The World Bank (2012) points out that “…nearly 1.3 billion people remain below the extreme poverty line with an income of U.S. $1.25 or less a day.” The global financial institution further points out that “another 2.6 billion live on less than U.S. $2 a day, another common measurement of deep deprivation”(World Bank, 2012). It is important to note that although inequalities in terms of wealth exist regardless of which country one comes from, developing countries have been hit worst by the same.
In general terms, unemployment levels in Australia are relatively low. The levels of education in this case remain relatively high. Further, given the high average incomes of a vast majority of Australians, most citizens do not encounter many of the problems faced by millions of people from other nations. In a way, some of the most common problems the word’s poorest people face are occasioned by the limited access such individuals have to education, health and other services regarded important for human survival.
In so many ways, poverty is an issue of both justice and common good. The Committee on Economic, Social and Cultural Rights according to Joseph (2011) defines poverty as:
A human condition characterized by sustained or chronic depreciation of the resources, capabilities, choices, security and power necessary for the enjoyment of an adequate standard of living and other civil, cultural, economic, political and social rights.
In a just society, individuals are expected to not only recognize the dignity of the human being but to also understand and respect human rights values. In that regard, any society that promotes any form of equality and has little concern for the suffering of fellow human beings cannot be regarded just from a social perspective. Poverty according to the definition floated above deprives human beings of factors necessary for the enjoyment of standards of living considered adequate. Towards that end, poverty threatens and undermines liberty and justice for the world and its inhabitants.
Groups and People Having a Stake in the Issue
Several groups as well as people have a stake in the poverty issue. These groups and organizations include but they are not in any way limited to the governments from across the world, Christians, volunteer groups, business entities as well as the private sector. In this section, I will address the interests a few of these stakeholders have in the issue at hand. To begin with, governments from across the world are interested in enhancing the social well-being of their citizens. In that regard, governments have over time developed policies aimed at empowering the poor via public expenditure reorientation, reduction of inflation, etc. In so doing, governments seek to not only uplift but also cushion their most vulnerable citizens from economic and natural shocks.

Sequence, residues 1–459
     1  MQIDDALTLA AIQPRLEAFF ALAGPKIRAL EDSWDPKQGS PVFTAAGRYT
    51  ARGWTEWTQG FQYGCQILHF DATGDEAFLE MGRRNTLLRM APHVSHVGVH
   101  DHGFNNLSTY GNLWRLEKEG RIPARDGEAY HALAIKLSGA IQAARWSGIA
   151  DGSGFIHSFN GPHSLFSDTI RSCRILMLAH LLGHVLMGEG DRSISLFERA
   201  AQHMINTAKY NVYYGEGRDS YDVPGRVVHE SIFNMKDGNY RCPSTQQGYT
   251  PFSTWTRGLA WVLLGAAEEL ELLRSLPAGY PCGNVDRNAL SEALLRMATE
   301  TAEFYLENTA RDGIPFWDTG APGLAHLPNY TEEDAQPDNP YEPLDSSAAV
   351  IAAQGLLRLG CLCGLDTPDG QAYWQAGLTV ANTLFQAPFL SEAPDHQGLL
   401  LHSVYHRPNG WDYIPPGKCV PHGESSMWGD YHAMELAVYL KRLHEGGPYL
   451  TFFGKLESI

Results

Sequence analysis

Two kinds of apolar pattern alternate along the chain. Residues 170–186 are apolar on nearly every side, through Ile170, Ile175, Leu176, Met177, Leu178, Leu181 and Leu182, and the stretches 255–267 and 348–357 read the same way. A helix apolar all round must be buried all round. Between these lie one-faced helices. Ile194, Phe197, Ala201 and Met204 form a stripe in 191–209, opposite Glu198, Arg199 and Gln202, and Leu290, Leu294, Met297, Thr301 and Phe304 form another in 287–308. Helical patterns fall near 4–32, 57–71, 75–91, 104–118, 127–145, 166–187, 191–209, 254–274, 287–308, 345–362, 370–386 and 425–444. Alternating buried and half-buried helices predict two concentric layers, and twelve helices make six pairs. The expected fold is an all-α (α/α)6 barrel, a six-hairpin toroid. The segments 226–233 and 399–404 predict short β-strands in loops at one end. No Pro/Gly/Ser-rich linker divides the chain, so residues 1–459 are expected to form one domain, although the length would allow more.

Civil society organizations also have a stake in the global poverty issue. It is important to note that in so many ways, the poor lack a voice to rake in support for their various needs. Non-governmental organizations seek to amongst other things articulate the needs of those living below the poverty line. Driven by altruistic reasons, most NGOs have a genuine interest in ending the suffering of humanity by acting as the voice of the voiceless. It is however important to note that some NGOs most particularly in developing countries are in operation so as to serve the selfish interests of their founders. In that regard, it is unlikely that individuals behind the formation of such organizations would want the issue of poverty addressed conclusively.
Over time, the Christians have also added their voice to the global poverty debate. According to the World Council of Churches (2006), “poverty threatens life and human dignity.” In that regard, the inequalities existing in the society are not by accident. To some extent, this assertion does have some truth in it. For instance, accountability and transparency issues have been blamed for the loss of billions of dollars in some of the countries with the highest number of people living on less that $1 a day. The World Council of Churches (2006) views poverty as an issue that effectively “undermines the very basis of life of billions of children, women and men who are denied not only the benefits of growing wealth, but even of access to basic necessities of life.”